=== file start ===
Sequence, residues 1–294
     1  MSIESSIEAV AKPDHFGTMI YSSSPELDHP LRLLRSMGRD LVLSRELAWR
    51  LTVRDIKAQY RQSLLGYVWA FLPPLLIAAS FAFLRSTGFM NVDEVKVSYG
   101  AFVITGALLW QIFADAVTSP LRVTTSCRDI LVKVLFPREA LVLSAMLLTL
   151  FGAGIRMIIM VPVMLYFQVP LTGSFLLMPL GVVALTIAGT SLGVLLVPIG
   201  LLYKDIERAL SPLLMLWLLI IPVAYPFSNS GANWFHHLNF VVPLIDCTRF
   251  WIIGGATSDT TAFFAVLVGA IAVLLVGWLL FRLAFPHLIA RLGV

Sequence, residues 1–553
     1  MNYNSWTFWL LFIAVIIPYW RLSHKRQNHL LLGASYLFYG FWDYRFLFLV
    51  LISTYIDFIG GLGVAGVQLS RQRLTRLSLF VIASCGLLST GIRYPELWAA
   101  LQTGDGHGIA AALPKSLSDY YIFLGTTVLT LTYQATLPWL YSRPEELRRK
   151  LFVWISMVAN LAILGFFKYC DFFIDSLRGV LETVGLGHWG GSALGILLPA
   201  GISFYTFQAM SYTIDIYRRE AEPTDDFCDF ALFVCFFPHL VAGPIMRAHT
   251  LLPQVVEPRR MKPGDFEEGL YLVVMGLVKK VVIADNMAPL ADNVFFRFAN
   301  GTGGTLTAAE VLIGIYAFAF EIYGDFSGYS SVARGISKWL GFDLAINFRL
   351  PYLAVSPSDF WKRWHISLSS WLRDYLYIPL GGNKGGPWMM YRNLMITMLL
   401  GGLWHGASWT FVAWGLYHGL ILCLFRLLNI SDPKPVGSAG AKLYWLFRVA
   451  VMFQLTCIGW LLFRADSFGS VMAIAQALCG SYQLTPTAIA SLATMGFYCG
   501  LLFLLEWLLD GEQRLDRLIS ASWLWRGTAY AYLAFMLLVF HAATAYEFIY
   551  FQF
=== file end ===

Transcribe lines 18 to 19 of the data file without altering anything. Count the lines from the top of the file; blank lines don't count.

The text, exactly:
   451  VMFQLTCIGW LLFRADSFGS VMAIAQALCG SYQLTPTAIA SLATMGFYCG
   501  LLFLLEWLLD GEQRLDRLIS ASWLWRGTAY AYLAFMLLVF HAATAYEFIY